• Employment definitions. The basis of our data and modeling is the Regional Economic Information System (REIS), Bureau of Economic Analysis, U.S. Department of Commerce. This is different than the NYS Department of Labor data source (ES202/QCEW). The main definitional difference is that sole-proprietors, which do not require unemployment insurance and are not counted in the ES202 data. BEA data shows (for example) state accommodations employment at 89,124, compared with QCEW at 82,190. For total employment (across all sectors), the difference is 20%.
  • International methodology. Our approach (through Travel Industry Association calculations) is based the estimates on direct survey responses to the Department of Commerce in-flight survey and Statistics Canada data – constrained to BEA international balance of payments data. The NY data are consistent with TIA’s state-by-state distribution which ensures against overestimation.
  • Bottom-up vs. top-down. We have based our research on tourism expenditure analysis from surveys and controls to known industry measurements for key tourism sectors.
slide39

Methods and data sources

  • Local taxes are a build-up of individual categories (sales, occupancy, property). The model is not equipped to deal with individual exemptions such as Indian gaming.
  • Second home expenditures are based on the stock of seasonal second home inventory. Annual average expenditures for housing are pro-rated to the season length to account for various levels of expenditures not accounted in visitor surveys.
  • Lodging sector. Our models use survey information and constrains this to the value of the hotel sector in each county. This can vary from certain bed tax estimates of total revenue for several reasons. One is that the bed tax may only be based on room revenue while total sales for the industry may include other revenue sources (room service, phone, etc.). Another is that certain smaller establishments may not fully report or be required to report their revenue.
slide40

Methods and data sources

  • Local taxes are a build-up of individual categories (sales, occupancy, property). The model is The economic activity generated by travel and tourism is complex. It spans various industrial sectors and represents only a part of most of these sectors. Therefore, the “tourism industry” is not identified in state or local economic accounts and must be measured separately.
  • Tourism Economics, an Oxford Economics company, was commissioned to quantify the economic impact of tourism for the state of New York and each of its counties.
  • The analysis requires an examination of visitor spending (the demand side) and related industry sales, value added, wages, and employment (the supply side).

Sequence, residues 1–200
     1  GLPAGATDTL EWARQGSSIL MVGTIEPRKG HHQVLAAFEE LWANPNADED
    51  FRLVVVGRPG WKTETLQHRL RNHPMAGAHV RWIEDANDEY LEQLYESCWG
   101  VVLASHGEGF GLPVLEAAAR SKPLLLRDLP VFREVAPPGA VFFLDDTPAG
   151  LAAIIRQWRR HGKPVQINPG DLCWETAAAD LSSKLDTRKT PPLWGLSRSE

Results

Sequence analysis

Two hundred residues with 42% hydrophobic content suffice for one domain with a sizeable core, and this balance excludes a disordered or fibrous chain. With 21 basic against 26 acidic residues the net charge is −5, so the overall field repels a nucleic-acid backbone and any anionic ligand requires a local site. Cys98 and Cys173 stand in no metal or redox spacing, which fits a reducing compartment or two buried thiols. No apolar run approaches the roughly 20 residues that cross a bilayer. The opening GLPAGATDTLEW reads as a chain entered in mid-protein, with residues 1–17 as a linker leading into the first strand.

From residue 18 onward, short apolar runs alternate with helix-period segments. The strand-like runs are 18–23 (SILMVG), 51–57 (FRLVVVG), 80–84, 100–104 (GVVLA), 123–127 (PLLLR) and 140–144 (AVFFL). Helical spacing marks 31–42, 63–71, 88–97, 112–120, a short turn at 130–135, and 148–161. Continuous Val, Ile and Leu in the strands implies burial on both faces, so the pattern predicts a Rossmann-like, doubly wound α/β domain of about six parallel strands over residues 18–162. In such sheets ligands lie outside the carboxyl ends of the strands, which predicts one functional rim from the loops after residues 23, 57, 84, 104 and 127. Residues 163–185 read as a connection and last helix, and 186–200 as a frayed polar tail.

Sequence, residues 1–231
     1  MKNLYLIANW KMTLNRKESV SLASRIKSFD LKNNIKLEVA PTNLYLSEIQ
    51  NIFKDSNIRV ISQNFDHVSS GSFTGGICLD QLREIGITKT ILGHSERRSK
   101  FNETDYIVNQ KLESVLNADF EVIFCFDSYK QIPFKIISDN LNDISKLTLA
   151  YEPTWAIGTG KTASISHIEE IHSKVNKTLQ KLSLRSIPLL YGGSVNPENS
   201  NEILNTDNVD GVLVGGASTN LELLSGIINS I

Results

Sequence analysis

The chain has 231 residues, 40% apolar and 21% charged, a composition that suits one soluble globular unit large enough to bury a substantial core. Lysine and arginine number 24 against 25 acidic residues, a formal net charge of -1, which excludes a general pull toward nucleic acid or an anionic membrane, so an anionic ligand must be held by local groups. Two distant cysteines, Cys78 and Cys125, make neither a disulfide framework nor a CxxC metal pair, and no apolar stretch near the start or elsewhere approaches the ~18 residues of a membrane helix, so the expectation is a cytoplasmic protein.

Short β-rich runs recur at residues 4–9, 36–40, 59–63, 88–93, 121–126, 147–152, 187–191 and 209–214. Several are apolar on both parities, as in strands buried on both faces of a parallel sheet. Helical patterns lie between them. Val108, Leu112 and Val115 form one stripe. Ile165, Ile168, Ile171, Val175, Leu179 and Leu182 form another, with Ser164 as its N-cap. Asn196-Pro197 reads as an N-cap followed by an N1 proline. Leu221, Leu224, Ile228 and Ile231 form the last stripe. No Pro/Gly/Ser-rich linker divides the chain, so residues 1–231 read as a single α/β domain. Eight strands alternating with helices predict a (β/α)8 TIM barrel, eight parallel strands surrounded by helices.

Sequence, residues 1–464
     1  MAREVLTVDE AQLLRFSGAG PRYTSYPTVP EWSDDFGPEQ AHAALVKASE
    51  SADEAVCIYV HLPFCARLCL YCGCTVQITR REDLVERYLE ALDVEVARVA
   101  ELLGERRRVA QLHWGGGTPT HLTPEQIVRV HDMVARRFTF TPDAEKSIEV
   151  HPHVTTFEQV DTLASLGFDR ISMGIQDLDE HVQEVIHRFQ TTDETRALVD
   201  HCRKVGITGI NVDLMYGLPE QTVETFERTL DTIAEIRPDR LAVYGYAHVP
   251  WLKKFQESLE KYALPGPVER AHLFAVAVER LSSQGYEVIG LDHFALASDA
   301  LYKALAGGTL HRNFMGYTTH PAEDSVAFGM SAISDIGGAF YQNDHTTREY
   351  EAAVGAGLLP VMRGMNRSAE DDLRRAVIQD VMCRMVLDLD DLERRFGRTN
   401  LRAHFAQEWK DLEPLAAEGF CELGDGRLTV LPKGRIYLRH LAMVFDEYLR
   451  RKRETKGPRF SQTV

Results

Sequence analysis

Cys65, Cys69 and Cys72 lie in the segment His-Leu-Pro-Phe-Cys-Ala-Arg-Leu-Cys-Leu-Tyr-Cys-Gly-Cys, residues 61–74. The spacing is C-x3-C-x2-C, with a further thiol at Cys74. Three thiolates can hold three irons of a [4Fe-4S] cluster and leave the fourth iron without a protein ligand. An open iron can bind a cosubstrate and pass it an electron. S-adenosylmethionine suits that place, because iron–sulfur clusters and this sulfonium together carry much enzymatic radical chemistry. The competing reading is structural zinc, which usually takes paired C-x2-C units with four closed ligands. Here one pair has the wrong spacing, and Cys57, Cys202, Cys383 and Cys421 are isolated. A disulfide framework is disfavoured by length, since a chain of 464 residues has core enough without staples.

• Economic modeling is used to quantify the linkages between visitor spending and industries and among industries.
slide41

Methods and data sources

  • Tourism Economics utilized the IMPLAN input-output model for New York State to track the flow of sales through the economy to the generation of GDP, employment, wages, and taxes.
  • The impacts are measured on three levels:
    • Direct impact: The immediate benefit to persons and companies directly providing goods or services to travelers.
    • Indirect impact: The secondary benefit to suppliers of goods and services to the directly-involved companies. For example, a food wholesaler providing goods to a restaurant. The model is careful to exclude imports from the impact calculations.
    • Induced impact: The tertiary benefit to the local economy as incomes in the prior two levels of impact are spent on goods and services. For example, a restaurant employee spends his wages at a grocery store, generating addition economic output.
about tourism economics
About Tourism Economics
  • Tourism Economics, headquartered in Philadelphia, is an Oxford Economics company dedicated to providing high value, robust, and relevant analyses of the tourism sector that reflects the dynamics of local and global economies. By combining quantitative methods with industry knowledge, Tourism Economics designs custom market strategies, project feasibility analysis, tourism forecasting models, tourism policy analysis, and economic impact studies.
  • Our staff have worked with over 100 destinations to quantify the economic value of tourism, forecast demand, guide strategy, or evaluate tourism policies.
  • Oxford Economics is one of the world’s leading providers of economic analysis, forecasts and consulting advice. Founded in 1981 as a joint venture with Oxford University’s business college, Oxford Economics is founded on a reputation for high quality, quantitative analysis and evidence-based advice. For this, it draws on its own staff of 40 highly-experienced professional economists; a dedicated data analysis team; global modeling tools; close links with Oxford University, and a range of partner institutions in Europe, the US and in the United Nations Project Link.
  • For more information, please contact us at: info@tourismeconomics.com.